The next step is to wait for an emergence of the mayflies and when this happens don't grab your rod and rush to do battle with us wary trout instead take a few minutes to learn and know your prey. The time spent in this endeavor will pay vast dividends in the future.

As the hatch begins approach the feeding fish and carefully watch the trout and see how we feed and at what depth we begin feeding, follow the progression of how we move up in the water column as the mayfly nymphs go through the emergence process.

By watching this hatching process you should learn that we begin our feeding at the bottom and slowly move up in the water column as the nymphs begin to rise to emerge on the surface. Now you may be able to place the nymphs in the proper position by the uses of strike indicators however after studying the various methods used by anglers I suggest that you use a dry fly and then a dropper of the require length to place the nymph at the proper depth.

As the nymphs rise in the water column simply shorten the dropper to accommodate the situation. Even when the nymphs reach the surface we are often still feeding on the nymphs struggling in the surface film as they are easy to capture. Once the adult break free of the nymphal shuck they often quickly fly off the surface of the water and then are unavailable to us.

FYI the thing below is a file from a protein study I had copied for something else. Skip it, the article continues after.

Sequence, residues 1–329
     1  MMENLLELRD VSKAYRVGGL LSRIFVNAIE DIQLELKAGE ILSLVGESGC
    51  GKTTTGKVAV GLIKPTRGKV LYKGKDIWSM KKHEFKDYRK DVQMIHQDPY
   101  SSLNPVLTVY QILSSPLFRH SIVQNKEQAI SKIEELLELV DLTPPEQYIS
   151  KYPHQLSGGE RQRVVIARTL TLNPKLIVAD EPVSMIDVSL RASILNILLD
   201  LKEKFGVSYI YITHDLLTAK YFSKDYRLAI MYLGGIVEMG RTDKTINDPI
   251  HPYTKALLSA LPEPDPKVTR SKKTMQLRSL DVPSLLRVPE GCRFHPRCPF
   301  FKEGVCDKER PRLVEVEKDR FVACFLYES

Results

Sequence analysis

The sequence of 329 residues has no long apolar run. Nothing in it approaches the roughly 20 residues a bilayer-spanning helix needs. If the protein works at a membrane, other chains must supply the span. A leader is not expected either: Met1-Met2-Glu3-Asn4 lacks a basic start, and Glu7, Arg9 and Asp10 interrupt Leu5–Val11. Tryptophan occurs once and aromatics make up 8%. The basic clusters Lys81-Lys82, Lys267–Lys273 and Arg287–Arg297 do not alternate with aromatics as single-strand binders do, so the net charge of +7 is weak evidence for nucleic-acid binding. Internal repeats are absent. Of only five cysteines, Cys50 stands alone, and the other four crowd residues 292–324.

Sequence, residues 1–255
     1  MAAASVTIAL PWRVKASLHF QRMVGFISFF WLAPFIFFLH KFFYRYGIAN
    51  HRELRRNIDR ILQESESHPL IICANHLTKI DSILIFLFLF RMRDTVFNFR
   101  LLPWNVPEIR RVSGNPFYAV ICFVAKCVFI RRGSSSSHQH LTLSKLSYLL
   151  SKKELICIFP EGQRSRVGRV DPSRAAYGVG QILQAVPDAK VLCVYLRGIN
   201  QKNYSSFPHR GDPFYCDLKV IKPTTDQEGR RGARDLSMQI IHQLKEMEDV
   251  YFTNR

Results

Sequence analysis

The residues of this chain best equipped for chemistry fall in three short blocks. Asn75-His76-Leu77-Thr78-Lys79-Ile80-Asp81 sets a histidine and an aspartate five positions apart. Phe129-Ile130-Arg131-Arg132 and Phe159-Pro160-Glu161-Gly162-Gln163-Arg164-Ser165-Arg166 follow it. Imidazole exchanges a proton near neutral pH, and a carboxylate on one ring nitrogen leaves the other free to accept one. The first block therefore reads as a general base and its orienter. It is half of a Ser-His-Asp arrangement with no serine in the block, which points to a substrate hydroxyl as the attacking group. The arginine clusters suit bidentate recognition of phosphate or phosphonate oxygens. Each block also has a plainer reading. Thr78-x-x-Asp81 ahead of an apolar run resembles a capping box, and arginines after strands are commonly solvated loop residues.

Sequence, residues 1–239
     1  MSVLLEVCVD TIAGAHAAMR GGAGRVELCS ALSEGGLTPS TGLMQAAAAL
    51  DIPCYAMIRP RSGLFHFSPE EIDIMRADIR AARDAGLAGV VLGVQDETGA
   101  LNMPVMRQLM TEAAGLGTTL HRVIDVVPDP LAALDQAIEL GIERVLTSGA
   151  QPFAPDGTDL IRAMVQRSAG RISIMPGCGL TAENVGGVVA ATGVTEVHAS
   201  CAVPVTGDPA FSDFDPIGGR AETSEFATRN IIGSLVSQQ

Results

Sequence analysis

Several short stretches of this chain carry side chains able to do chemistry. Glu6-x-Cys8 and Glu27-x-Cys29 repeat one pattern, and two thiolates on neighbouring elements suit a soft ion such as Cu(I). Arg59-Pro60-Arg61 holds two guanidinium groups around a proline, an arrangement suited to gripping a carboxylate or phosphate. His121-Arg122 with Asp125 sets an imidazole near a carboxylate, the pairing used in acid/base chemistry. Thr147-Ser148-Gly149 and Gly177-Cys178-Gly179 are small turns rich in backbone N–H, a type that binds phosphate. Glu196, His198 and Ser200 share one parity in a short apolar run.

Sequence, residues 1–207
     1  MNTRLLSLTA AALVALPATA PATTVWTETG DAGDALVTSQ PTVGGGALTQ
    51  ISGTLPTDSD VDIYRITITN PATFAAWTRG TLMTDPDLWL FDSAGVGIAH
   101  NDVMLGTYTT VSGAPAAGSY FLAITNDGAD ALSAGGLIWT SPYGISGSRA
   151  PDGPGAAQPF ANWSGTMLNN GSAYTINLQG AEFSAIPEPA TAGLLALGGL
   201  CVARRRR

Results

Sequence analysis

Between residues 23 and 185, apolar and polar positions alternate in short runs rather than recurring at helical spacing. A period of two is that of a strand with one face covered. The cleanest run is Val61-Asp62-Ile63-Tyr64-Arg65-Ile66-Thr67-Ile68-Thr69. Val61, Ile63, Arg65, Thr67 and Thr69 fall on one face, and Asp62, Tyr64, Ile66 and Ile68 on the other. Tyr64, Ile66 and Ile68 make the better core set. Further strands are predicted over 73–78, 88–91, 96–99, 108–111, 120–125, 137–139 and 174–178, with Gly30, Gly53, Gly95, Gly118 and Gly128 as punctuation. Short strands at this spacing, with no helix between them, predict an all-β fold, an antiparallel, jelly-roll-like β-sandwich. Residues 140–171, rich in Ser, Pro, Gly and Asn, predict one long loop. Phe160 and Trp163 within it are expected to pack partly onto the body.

Now there are cool or moist days when we find the mayflies sitting on the water for extended periods of time then of course we feed on the adults. We will also feed on adults after the intensity of the main emergence has faded, as the overwhelming number of nymphal food forms decrease their availability for the day then many of us trout who are still looking for a snack will key in on the scattered and occasional adults that we find on the surface of the water.

During the time period of the mating flights or spinner fall as they are often referred to by you anglers we trout may feed on adults on the film, in the surface film and beneath the surface film again the key to success is the anglers ability to observe the actions of how we feed.

Oftentimes during periods of heavy mayfly emergences using dry flies during the hours of early morning or during other time periods when the number of actual insect is low is an effective method for luring us trout into taking your imitations.